Here’s Yer Sign!!

Well, this is a sign to behold. One of the secret squirrel projects prior to Christmas was a special request from Texas Jack Daniels.

The idea was for a pack down prop to be put up outside their RV when on ranges across the nation. Many cowboy's distinguish their spots by flags, lights, signs etc and this one is sure going to let you know that you have arrived at Texas Jack Daniels (TJD) and Shotglass' camp.

The requirements: a gambler, a saloon girl, the Texas flag, a bottle of Jack Daniels, a shot glass, their aliases and should measure around 3ft tall by 4ft wide when assembled. Okay! Let this brain get thinking a little and see what I can come up with.

After a short time of contemplation and use of a couple of actual photos of TJD and Shotglass, I sent through my thoughts for approval. Next I drew it out on timber and we were under way!

Stage 1: drawing the design on the timber, took me a long time to draw the saloon girl face, (anything else but face's is my usual thought)

 

Stage 2: cutting, sanding (yes, did it myself, she wouldn't have had feathers on her boa otherwise)

 

As TJD was keen to see it to completion with photos to give Shotglass for Christmas, I cracked on.

Stage 3: black – everything I do for props starts with a black base coat. Saloon walls, gambler hat, saloon girl feathers, background between her arms and carpet

 

Stage 4: saloon walls first

 

Stage 5: working on the saloon doors, layer by layer

 

Stage 6: adding a bit of Texas flair, keeping the louvre door look happening, more shading and hinges

 

Stage 7: aliases (hmm taking a look at the aliases now, I see a flaw that I may have to rectify. The aliases are flat and by saying that I mean if you look where some of the letters flow from flat timber to louvre – should be shadow)

 

Now fixed!

Total layers: timber walls 6 layers , saloon doors 7 layers, aliases 3 layers.

As each day drew to an end I would send TJD a number of photographs of the progress.

Always starting from the background first it was onto the gambler. Depending on where it was at and if waiting on paint to dry, then I would switch over to the saloon girl or add more detail if I thought a section needed more.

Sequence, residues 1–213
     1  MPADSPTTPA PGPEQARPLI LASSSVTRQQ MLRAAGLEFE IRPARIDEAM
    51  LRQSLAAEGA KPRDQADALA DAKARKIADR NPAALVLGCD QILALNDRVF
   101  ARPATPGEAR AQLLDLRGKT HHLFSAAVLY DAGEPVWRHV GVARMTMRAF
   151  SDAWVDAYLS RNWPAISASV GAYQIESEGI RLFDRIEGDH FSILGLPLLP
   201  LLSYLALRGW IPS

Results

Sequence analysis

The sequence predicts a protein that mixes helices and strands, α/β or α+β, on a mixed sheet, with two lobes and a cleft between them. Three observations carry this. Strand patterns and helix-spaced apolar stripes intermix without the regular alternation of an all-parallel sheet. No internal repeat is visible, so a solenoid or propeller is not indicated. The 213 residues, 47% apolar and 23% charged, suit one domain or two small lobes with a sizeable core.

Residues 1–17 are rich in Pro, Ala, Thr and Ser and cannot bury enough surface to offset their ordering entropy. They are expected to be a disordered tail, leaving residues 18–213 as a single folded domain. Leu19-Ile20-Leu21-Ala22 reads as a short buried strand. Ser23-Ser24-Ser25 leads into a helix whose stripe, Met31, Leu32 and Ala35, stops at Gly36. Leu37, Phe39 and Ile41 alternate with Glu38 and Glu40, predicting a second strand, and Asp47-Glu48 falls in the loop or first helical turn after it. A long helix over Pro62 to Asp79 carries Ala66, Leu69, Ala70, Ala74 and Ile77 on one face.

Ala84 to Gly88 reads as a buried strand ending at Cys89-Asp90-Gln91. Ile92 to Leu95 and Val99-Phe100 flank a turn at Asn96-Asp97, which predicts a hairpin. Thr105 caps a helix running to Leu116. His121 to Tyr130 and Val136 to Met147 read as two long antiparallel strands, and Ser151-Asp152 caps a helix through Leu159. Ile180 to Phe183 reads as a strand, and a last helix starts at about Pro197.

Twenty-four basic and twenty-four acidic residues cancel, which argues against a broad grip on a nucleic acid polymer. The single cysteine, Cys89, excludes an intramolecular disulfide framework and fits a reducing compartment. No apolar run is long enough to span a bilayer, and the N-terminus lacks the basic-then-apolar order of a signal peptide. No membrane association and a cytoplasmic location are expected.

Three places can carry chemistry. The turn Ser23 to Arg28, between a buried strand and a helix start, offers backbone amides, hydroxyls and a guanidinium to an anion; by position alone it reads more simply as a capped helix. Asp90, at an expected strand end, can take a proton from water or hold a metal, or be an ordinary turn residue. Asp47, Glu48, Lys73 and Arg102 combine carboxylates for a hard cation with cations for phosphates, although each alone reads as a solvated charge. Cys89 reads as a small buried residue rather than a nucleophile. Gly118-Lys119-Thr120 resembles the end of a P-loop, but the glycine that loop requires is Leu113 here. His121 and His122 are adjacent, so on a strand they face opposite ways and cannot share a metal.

Stage 9: onto the carpet for both

 

Stage 10: the table in the background was next. My original thought was to have the gambler holding the bottle and still hadn't quite worked out the shot glasses. The photo had a table in it and so became the perfect idea to include it for the bottle and shot glass.

Stage 11: boots and pants

 

Stage 12: saloon skirt, boa, gloves, hair feathers – we both decided red would be a great colour to make this pop, besides, it is one of Shotglass favourite colour's also.

 

Stage 13: whiskey bottle and shot glass, saloon girls legs

 

Stage 14: more shading to gambler boots and saloon skirt

 

Stage 15: black base to saloon girl boots, apron front of skirt and gambler vest

 

Stage 16: continue shading saloon girl skirt, boa and apron front. Stripes, buttons and chain to gambler vest with additional shading.

 

Moving right along into another day and I'm starting to get to finer details on some areas.

Stage 17: let's add some gimp trim and fringing to the apron front and black in the fan.

 

Stage 18: detail to boots, eyelets, hooks, laces and detail the fan

 

Stage 19: flick back to the gambler and it's time to do the cane and hands, black in the corset and bust of the saloon girl

 

Stage 20: skin layers take time

 

Stage 21: black in the gambler coat and start shading

 

Another new day dawns and I'm still thinking about how to give the corset more detail rather than just a colour.

Stage 22: add red shading to corset, black in hair

 

Stage 23: she needs jewellery – draw, black in, shade more to corset, shading to gambler coat arms, cravat and tie pin, add colour to necklace, draw in lace pattern to corset.

Stage 24: shade jewellery, paint lace and shade corset. Tie pin, collar and cuffs, hatband

 

Stage 25: do both their hair, shadowing to gambler hat, and face skin tone

 

Stage 26: moustache and eyes to gambler, fringe, earrings, facial features to saloon girl (starting to sweat now, really want to get this face right)

 

Stage 27: more shading to facial features to both, hat shadow to face of gambler, touch ups where required.

Stage 28: stand back and admire my own handy work. Loved working on this piece!

 

Stage 29: lacquer! Now the colours really pop!!

 

Stage 30: assembled

 

Stage 31: brackets and posts – thanks to Jack for working out a better solution of my half baked idea.

 

Total layers: Gambler – carpet 5, table 5, bottle and glasses 6, boots 4, coat 5, cane 4, vest 6, pants 3, hair 5, hat 5, tie 7, face 10.

Total layers: Saloon Girl – carpet 5, boa 5, gloves 3, skirt 7, corset 8, fan 4, boots 5, hair 6, face and skin 10.

A total of 39.5 hours later over a period of days, this is what we finally have!

The photos don't do it justice and I think they will be more than ecstatic when they finally have it in real life, come Land Run, when it will make its initial appearance on range.

That was a fun piece!

Cheers! Kat xo

 

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